Scripture, Logic, Language - Preface

Essays on Dharmakīrti and His Tibetan Successors

Series Editor’s Preface

Scripture, Logic, Language launches Wisdom’s scholarly series, Studies in Indian and Tibetan Buddhism. This series was conceived to provide a forum for publishing outstanding new contributions to scholarship and also to make accessible seminal research not widely known outside a narrow specialist audience. Wisdom also intends to include in the series appropriate monographs and collected articles translated from other languages.

Much of the new scholarly research in Indian and Tibetan Buddhist philosophy and practice is worthy of wider circulation among an intelligent readership. Several outstanding dissertations are produced each year at academic institutions throughout the world. Such significant contributions are normally accessible only through University Microfilms or through research journals that are scattered across the academic landscape.

It is heartening to the editors at Wisdom to see how much of the scholarship being produced today is the result of collaboration with scholars belonging to the indigenous traditions of Tibet and the Indian subcontinent. Wisdom Publications is certain that this approach has the greatest possibilities for enriching both academic scholarship and Buddhist practice. Increasingly, researchers must be able to work in a bewildering variety of languages and disciplines in the humanities and social sciences. What a visionary like the late Richard H. Robinson hoped to produce in his Wisconsin curriculum were scholars able to work with living exponents of the Asian traditions in their own languages. He also dreamt of researchers who would be able to keep abreast of the advances in Western thought. A scholar like Tillemans is a realization of Robinson’s dreams.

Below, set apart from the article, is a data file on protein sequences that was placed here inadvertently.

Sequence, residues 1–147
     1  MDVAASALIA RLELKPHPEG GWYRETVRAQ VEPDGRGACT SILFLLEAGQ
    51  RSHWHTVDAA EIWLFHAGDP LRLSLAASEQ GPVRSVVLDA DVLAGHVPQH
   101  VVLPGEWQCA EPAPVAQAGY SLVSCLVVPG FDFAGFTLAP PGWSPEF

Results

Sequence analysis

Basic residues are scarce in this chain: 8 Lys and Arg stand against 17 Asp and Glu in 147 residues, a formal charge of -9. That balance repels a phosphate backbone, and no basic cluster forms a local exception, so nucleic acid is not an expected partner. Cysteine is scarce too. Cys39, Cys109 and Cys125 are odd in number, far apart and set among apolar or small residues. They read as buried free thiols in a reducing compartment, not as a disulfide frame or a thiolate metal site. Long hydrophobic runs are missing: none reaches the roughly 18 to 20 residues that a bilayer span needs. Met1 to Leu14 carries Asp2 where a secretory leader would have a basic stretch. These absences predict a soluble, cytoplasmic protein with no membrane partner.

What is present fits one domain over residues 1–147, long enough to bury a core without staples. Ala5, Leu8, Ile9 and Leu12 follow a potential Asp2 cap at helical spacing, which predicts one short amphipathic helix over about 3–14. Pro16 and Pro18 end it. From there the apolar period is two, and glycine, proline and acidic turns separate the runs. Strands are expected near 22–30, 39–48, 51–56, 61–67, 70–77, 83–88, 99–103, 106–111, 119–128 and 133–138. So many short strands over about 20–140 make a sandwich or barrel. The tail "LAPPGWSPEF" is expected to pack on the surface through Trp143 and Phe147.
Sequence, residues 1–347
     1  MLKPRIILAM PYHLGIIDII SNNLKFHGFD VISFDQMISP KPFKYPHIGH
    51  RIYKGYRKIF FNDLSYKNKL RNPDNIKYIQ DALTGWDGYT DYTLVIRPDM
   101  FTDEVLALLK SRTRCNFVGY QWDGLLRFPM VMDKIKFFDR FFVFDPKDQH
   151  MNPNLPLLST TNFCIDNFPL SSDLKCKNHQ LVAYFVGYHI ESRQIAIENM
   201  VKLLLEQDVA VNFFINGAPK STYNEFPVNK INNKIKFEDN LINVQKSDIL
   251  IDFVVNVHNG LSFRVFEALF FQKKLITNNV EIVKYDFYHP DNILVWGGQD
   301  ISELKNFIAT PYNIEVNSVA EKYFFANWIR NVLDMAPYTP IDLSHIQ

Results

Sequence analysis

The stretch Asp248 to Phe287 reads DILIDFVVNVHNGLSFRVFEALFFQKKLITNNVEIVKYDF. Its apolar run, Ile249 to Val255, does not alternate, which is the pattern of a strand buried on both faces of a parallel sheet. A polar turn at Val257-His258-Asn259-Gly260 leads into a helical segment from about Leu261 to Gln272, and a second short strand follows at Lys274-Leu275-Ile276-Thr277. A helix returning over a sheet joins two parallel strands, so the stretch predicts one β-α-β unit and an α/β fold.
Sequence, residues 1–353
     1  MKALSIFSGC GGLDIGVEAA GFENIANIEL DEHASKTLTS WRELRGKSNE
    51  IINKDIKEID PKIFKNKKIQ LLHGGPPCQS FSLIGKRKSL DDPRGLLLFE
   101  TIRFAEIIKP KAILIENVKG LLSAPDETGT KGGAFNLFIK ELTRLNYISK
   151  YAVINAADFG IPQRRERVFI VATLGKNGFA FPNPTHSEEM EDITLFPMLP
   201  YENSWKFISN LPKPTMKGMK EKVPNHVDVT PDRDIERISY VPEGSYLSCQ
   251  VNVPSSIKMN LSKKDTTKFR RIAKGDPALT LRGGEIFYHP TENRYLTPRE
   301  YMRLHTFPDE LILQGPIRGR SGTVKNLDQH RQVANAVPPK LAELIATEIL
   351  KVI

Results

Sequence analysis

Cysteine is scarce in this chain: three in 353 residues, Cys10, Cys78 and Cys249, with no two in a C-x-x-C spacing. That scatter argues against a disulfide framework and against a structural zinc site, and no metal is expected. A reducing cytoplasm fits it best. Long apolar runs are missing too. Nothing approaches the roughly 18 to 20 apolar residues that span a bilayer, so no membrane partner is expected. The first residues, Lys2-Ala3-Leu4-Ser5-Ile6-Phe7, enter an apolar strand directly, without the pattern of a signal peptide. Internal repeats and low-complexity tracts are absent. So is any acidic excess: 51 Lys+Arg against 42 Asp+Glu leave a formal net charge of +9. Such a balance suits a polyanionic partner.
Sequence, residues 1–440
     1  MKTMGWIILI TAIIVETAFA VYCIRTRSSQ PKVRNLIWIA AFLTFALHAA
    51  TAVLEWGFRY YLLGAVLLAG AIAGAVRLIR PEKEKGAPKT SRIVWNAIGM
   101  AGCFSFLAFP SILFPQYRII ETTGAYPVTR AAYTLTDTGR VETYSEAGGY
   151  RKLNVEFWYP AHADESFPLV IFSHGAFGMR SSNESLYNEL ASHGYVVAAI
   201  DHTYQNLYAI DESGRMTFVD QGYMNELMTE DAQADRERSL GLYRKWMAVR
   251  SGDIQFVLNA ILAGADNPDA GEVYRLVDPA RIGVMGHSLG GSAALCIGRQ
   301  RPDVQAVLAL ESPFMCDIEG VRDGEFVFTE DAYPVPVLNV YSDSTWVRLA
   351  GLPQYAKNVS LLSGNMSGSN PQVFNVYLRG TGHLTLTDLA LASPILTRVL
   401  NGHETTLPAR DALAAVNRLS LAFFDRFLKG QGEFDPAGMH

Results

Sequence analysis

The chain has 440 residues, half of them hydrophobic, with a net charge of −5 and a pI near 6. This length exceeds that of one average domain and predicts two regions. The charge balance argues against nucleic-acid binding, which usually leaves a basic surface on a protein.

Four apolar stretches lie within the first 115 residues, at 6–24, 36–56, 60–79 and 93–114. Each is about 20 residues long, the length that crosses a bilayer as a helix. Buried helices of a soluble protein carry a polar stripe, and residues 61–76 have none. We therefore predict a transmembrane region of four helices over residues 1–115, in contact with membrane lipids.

Tom Tillemans, the author whose work is presented here, is a scholar’s scholar. He is able to work in a vast variety of languages: all major Western languages and Sanskrit, Tibetan, Chinese and Japanese. He is trained in modern Western philosophy and can see how the traditions of East and West interact.

The eleven essays presented here were published over the period 1986–99. They appeared in a number of journals or as contributions to Festschriften. Tillemans has now arranged these essays into a unified and compelling structure. One can now see clearly the underlying structure and understand the significance of Tillemans’ contributions to Buddhist logic, language, and epistemology.

Tillemans’ scholastic ancestry is rooted in the great names of European scholarship, such as F. I. Stcherbatsky, Eugene Obermiller, and Erich Frauwallner. Tillemans brings a sophisticated understanding of developments in Western logic and epistemology to the traditional scholarship of Indian and Tibetan thinkers. He presents in these carefully crafted pieces a clear delineation of the varying approaches of the Indic masters and their Tibetan interpreters.

This is a fascinating work with which to begin the new series.

E. Gene Smith
August 1999